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Wireless Video Service in CDMA Systems

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Abstract of Wireless Video Service in CDMA Systems

Video services are becoming an integral part of future communication systems. Especially for the upcoming 3G-CDMA system wireless networks such as UMTS, video may very well turn out to be the key value addition that achieves the required return of investment. While previous generations of wireless communication systems were primarily designed and used for voice services, next generation systems have to support a broad range of applications in a wide variety of settings. The early market stages were characterized by the needs of early adopters, mostly for professional use. As the market matures from the early adopters to normal users, new services will be demanded. These demands will likely converge toward the demands that exist for wired telecommunications services.
Market research finds that mobile commerce for 3G wireless systems and beyond will be dominated by basic human communication such as messaging, voice, and video communication [1]. Because of its typically large bandwidth requirements, video communication (as opposed to the lower rate voice and the elastic e-mail) is expected to emerge as the dominant type of service in 3G/4G wireless systems. Video services obth real-time services and streaming services are gaining a lot of importance and applications in CDMA systems.
There are three ways to spread the bandwidth of the signal:
• Frequency hopping. The signal is rapidly switched between different frequencies within the hopping bandwidth pseudo-randomly, and the receiver knows beforehand where to find the signal at any given time.
• Time hopping. The signal is transmitted in short bursts pseudo-randomly, and the receiver knows beforehand when to expect the burst.
• Direct sequence. The digital data is directly coded at a much higher frequency. The code is generated pseudo-randomly, the receiver knows how to generate the same code, and correlates the received signal with that code to extract the data.
These direct sequence spread spectrum signals can be digitized voice, ISDN channels, modem data, etc.
Why real-time video Traffic is difficult to handle

Video Requires Extremely Large Bitrate

– Large Bandwidth Requirement for Video Sources vs. Limited Resources of Wireless Networks.
– High Compression Ratio Bitstreams Extremely Sensitive to Channel Errors and Network Impairments.
– Stringent Latency Requirements.
Compressed Video Requires Error Protection
– Most Existing Video Compression Standards Originally Not Designed for Lossy Channels.

– Appropriate Error Protection Schemes: an Important Research Topic.
Video Streaming over CDMA-Based Wireless Networks
In video streaming services, the playout begins when the queue length of the receiver buffer is above a threshold. This threshold must be large to reduce the buffer underflow probability and absorb the bit rate variations caused by the wireless channel. On the other hand, it is important to reduce this threshold in order to reduce the initial playout delay and also the size of the receiver buffer. Here a video streaming service is considered, where the last link is a wireless CDMA-based link and it has been shown how a truncated power control allows to reduce the pre-roll delay without increasing the average transmission power and without degrading the video quality. It presents the proposed truncated power control and an analytical model to evaluate the achievable pre-roll delay reduction.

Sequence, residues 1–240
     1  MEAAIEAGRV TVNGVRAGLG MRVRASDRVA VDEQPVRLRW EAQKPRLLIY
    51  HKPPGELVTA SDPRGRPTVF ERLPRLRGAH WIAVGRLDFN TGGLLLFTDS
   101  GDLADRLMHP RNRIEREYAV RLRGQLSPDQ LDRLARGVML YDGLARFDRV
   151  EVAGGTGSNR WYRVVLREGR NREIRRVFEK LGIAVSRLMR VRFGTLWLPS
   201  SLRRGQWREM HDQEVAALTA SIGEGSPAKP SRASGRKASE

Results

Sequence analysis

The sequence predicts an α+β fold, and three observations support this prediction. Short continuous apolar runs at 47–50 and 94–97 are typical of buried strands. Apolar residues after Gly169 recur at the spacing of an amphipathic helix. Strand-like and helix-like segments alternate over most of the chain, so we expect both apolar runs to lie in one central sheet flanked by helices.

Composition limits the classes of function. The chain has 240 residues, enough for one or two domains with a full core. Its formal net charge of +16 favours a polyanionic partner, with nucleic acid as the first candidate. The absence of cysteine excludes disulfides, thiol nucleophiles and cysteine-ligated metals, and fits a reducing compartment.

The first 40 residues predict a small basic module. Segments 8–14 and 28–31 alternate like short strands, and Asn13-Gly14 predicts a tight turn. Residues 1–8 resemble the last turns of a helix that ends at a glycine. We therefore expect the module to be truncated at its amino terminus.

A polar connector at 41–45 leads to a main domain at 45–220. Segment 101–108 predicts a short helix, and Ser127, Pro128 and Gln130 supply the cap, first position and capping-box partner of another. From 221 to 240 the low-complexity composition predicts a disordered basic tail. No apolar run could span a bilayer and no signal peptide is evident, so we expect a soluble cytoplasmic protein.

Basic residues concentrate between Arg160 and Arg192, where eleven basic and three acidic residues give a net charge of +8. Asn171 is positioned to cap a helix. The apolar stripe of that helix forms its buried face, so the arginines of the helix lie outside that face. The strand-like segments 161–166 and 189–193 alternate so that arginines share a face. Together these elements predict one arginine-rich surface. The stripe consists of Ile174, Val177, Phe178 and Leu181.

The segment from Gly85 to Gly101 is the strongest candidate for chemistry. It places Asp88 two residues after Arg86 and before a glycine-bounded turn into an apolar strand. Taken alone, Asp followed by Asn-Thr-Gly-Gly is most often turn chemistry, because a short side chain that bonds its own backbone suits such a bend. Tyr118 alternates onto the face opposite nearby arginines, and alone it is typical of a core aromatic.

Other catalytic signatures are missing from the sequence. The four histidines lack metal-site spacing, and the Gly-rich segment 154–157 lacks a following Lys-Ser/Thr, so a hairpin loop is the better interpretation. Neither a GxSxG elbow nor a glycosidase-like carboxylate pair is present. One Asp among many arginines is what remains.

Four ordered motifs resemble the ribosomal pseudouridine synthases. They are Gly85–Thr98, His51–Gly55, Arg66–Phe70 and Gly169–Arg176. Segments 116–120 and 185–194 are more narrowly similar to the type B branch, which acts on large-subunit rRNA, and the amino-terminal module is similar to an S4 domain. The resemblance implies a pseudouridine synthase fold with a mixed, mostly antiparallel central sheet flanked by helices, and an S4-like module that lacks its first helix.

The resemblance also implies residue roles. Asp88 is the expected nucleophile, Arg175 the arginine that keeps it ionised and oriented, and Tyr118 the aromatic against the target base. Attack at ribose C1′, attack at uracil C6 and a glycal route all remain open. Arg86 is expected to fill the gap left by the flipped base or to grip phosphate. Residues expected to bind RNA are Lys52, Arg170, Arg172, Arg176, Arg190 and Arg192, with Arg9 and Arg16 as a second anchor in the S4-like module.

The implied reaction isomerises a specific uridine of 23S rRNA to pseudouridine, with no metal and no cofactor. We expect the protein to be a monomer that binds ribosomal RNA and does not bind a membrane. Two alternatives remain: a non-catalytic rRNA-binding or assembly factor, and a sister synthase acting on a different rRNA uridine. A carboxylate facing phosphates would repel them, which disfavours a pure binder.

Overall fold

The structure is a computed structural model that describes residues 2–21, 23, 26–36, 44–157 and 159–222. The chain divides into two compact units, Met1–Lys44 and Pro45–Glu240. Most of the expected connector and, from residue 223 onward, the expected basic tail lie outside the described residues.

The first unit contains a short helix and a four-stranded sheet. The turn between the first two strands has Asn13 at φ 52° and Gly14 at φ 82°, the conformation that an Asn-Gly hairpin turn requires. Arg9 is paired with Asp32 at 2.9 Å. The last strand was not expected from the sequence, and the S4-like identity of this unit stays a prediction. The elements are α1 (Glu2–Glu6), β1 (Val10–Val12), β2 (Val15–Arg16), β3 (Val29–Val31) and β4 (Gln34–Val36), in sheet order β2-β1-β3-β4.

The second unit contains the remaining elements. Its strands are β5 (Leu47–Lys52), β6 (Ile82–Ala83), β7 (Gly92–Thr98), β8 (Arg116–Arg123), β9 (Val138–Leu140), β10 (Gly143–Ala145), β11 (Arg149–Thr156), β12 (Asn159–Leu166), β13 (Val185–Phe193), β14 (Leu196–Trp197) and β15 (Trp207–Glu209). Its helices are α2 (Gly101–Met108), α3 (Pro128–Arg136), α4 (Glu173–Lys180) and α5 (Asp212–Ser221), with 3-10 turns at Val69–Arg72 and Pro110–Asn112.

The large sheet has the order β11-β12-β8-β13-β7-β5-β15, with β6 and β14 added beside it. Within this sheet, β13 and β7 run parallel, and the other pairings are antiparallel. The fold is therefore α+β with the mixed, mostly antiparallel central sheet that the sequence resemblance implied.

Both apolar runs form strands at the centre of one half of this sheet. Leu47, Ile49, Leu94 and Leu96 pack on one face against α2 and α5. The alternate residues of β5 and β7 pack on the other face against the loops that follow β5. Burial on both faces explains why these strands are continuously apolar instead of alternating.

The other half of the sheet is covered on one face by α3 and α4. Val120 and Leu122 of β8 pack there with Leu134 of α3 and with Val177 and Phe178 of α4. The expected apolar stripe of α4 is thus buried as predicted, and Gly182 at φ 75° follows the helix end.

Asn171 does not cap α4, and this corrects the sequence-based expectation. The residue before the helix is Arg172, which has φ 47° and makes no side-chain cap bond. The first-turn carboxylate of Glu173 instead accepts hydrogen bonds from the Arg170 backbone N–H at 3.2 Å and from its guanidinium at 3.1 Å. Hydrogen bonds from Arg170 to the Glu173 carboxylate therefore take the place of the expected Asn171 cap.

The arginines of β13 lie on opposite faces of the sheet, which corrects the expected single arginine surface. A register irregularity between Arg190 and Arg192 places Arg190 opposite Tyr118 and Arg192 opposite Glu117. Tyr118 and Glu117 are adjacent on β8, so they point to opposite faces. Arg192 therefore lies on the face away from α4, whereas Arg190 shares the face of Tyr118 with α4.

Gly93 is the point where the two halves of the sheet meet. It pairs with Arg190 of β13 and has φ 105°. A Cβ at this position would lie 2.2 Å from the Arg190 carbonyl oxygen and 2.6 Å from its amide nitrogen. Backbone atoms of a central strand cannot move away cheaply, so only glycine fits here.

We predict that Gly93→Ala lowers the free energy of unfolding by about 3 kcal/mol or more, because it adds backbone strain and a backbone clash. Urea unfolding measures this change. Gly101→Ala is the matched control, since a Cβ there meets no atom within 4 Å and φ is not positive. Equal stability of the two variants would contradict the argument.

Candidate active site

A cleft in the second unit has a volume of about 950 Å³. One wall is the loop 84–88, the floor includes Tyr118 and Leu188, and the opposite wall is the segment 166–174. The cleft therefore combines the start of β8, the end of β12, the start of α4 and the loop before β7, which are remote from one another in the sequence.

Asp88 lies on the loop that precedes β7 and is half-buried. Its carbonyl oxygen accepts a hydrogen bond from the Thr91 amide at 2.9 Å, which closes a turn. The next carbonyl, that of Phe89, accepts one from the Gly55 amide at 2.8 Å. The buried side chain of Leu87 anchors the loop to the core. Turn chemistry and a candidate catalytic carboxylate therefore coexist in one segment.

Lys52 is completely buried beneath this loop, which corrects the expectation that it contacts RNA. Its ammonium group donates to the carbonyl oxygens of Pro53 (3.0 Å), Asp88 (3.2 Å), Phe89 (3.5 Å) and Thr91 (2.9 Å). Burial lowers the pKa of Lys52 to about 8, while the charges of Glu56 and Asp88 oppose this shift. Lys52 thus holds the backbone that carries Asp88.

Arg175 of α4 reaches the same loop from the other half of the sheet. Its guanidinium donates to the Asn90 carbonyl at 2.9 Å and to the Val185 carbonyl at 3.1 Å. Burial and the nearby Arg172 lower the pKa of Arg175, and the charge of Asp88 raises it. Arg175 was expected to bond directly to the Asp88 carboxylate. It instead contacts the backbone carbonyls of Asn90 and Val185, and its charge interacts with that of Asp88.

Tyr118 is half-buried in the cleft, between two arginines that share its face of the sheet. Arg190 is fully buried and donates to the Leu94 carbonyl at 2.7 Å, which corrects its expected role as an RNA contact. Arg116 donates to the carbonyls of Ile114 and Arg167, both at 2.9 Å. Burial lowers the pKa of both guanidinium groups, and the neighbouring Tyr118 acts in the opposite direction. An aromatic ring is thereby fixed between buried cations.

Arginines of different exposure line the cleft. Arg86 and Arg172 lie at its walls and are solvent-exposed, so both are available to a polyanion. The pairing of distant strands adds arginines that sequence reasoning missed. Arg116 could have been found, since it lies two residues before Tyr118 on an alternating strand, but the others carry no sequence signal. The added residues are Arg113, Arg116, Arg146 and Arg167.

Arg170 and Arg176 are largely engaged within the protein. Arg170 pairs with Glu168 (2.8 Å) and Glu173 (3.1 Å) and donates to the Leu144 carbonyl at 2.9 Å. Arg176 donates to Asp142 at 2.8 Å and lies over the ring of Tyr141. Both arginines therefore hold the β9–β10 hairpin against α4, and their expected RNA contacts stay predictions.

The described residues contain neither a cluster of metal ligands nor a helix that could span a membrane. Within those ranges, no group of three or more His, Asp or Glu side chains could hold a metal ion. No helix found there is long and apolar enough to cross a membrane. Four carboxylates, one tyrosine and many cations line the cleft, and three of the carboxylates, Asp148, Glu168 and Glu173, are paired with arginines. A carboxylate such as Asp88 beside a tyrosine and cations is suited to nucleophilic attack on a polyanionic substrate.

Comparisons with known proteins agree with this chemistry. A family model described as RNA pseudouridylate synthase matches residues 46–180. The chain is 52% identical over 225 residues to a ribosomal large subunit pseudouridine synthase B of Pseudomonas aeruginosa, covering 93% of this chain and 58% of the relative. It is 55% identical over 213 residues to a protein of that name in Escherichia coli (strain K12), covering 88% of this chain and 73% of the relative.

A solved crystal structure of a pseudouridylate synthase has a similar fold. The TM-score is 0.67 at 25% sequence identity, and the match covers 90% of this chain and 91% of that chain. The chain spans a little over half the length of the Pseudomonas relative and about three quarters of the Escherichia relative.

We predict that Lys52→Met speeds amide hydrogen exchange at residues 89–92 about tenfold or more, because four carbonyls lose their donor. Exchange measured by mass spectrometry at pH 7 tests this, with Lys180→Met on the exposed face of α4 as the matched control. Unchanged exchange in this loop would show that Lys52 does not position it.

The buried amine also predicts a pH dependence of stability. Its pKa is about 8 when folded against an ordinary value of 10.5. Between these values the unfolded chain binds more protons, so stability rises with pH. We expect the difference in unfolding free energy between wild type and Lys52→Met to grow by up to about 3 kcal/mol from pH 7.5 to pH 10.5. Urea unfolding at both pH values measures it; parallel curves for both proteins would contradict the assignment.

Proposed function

System Model

The system model consists of a source, a server and a client. As shown in Figure 2, the video streaming passes through a wired network without losses and a lossy wireless link with CDMA-based transmission. The source can be a live program or a prestored program; in the first case the source passes a video frame to the server every t seconds, while in the second case the source passes all of the video frames to the server at the beginning of the session. The server is responsible of delivering video frames from the source to the client through a heterogeneous wired/wireless network; in this paper we refer to a UDP-based transport platform. The UDP protocol does not permit to recover from data losses and this functionality is left to the link.
The server encapsulates each video frame within a UDP packet and each packet is enqueued into the UDP transmission buffer. Both at the server side and at the client side a link layer ARQ buffer and a playout/UDP buffer are needed. At the client side, the playout begins when the queue length n of the playout buffer is above a specified threshold Npr. Such a phase is called pre-roll process and it is needed in order to reduce the buffer underflow probability at the expenses of an initial delay (pre-roll delay). At the client side, underflow occurs when n = 0; after the buffer underflow occurrence the receiver temporarily suspends the playout of the video and a new pre-roll process starts. Both the pre-roll delay and the buffer underflow probability depends on the pre-roll threshold Npr and on the channel reliability. Large Npr results in a small underflow probability but increase the pre-roll delay.It is common for streaming media clients to have a 5 to 15 seconds of buffering delay before playback starts.

Video Conferencing

Videoconferencing is a medium where two or more people at different locations can meet face-to-face in real time .Offers new possibilities to connect with guest speakers and experts.Can make relevant learning opportunities more accessible and exciting.
Videoconferencing is the conduct of a videoconference (also known as a video conference or video teleconference) by a set of telecommunication technologies which allow two or more locations to communicate by simultaneous two-way video and audio transmissions. It has also been called 'visual collaboration' and is a type of groupware .
Videoconferencing uses audio and video telecommunications to bring people at different sites together. This can be as simple as a conversation between people in private offices (point-to-point) or involve several (multipoint) sites in large rooms at multiple locations. Besides the audio and visual transmission of meeting activities, allied videoconferencing technologies can be used to share documents and display information on whiteboards.